SAN FRANCISCO (BRAIN) — The city transit agency is giving Bay Area Motivate until mid-October to have e-bike service restored after battery fires forced the Lyft bike-sharing fleet off the streets.
If service is not restored by Oct. 15, the city will consider rescinding the company’s interim permit, according to The San Francisco Examiner in a story published Friday. A San Francisco Municipal Transit Agency spokesperson told BRAIN on Monday its request to have service restored is in line with how it treats other transit-permit holders.
“Motivate has not been meeting this permit condition for more than six weeks,” the transit agency spokesperson said.
Lyft, which purchased Motivate last year, did not respond to a request for comment on Monday.
The Examiner reported Friday it obtained an email that the transit agency sent to Bay Area Motivate, the Lyft company that owns the Bay Wheels bike-sharing service, asking for the cause of the fires and when service will resume.
The battery fires in July forced 1,000 e-bikes off the streets with Lyft saying it would investigate and update the battery technology. Lyft said vandalism has not been ruled out.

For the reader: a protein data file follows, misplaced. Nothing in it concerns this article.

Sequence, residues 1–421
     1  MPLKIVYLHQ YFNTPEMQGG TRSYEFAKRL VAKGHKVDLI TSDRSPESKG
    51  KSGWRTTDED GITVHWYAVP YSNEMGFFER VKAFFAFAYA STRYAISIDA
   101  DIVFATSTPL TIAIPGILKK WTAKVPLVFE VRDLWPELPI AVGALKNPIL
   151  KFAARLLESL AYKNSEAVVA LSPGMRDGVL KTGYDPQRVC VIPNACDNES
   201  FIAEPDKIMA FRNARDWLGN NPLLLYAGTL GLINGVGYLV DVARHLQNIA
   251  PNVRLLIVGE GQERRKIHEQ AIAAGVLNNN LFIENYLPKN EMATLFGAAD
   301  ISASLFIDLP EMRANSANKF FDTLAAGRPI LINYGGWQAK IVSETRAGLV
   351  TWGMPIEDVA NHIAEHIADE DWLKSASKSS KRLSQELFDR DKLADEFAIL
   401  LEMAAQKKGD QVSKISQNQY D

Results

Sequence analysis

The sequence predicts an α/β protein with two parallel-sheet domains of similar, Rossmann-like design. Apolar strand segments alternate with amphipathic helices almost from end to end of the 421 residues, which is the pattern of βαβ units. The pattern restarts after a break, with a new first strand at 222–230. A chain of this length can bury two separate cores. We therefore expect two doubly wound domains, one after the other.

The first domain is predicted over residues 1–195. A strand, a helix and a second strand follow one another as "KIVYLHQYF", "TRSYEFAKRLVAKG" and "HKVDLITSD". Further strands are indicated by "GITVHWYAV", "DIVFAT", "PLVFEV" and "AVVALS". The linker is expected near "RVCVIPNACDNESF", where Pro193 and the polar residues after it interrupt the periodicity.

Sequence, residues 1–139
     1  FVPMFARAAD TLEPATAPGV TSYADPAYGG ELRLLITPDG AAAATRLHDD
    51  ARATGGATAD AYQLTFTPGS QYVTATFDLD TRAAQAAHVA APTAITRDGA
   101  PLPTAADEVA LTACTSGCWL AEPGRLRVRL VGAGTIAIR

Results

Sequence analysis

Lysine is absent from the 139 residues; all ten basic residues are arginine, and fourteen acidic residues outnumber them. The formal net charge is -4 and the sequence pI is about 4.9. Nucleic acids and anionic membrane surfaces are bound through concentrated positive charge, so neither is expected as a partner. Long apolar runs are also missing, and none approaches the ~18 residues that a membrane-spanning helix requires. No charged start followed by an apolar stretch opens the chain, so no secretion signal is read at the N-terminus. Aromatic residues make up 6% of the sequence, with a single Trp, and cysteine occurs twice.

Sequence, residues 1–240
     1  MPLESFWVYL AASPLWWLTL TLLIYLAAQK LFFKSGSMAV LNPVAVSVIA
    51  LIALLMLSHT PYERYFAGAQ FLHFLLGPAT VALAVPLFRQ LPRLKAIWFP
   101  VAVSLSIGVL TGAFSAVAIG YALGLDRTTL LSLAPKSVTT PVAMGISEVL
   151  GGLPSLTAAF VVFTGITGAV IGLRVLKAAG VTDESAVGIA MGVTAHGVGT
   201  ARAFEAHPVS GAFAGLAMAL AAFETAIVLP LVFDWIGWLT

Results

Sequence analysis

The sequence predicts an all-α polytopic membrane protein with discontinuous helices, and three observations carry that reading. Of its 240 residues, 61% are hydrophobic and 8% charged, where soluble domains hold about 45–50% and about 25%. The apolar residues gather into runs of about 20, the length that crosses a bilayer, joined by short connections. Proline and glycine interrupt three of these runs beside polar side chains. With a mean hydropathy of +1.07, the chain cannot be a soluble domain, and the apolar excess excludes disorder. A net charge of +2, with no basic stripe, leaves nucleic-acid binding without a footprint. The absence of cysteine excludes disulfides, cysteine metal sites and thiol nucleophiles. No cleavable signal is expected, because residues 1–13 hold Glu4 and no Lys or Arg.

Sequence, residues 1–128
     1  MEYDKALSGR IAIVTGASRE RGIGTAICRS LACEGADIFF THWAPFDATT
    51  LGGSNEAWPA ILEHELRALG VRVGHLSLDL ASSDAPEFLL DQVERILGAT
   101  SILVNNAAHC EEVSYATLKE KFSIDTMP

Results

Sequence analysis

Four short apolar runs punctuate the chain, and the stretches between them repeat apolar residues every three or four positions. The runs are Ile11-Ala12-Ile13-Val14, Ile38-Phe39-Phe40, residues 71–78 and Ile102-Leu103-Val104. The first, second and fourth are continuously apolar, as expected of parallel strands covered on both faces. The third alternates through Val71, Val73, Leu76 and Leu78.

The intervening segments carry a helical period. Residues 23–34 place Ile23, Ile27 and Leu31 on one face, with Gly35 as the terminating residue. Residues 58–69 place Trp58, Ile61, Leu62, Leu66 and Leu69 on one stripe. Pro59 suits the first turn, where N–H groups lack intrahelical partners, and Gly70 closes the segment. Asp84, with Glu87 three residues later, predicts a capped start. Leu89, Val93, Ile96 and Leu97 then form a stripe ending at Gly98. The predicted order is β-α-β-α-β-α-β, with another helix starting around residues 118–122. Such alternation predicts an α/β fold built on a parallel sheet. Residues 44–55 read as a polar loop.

According to The Examiner, the interim permit came from a court battle over who can rent bikes in the city. After the city agreed to allow Motivate to provide the bike-share service, the two disagreed over the agreement’s exclusivity. Lyft said it has exclusive rights to rent pedal and e-bikes, both from curbside docks and dockless bikes that can be parked anywhere and locked. The transit agency earlier this year said it would grant permits to companies renting dockless e-bikes, triggering a Lyft lawsuit. A court ruled the transit agency has to offer Lyft the right of first refusal over renting e-bikes in the city, and the interim permit was granted.
Lyft’s e-bike service has had other disruptions. In April, New York service was suspended after some riders complained of excessive front brake force on its Citi Bikes. In June, Lyft unveiled a newly spec’ed Bay Wheels e-bike that featured the Tektro MD-M300 front mechanical disc brake, which replaced the Shimano Nexus Inter-M Hub Roller Brake. Lyft continues to use the Nexus Inter-M rear brake.
Lyft did not disclose whether it determined the front brake problems were from equipment malfunction, improper spec’, maintenance or operator error. Shimano released a statement to BRAIN three days after the Citi Bikes were pulled, maintaining its brakes were not at fault.
Lyft’s new Citi Bike e-bike model has been scheduled for release in the fall. It’s not known if the battery fires have delayed the relaunch, and a Lyft spokesperson last week would not say when the new bikes will debut.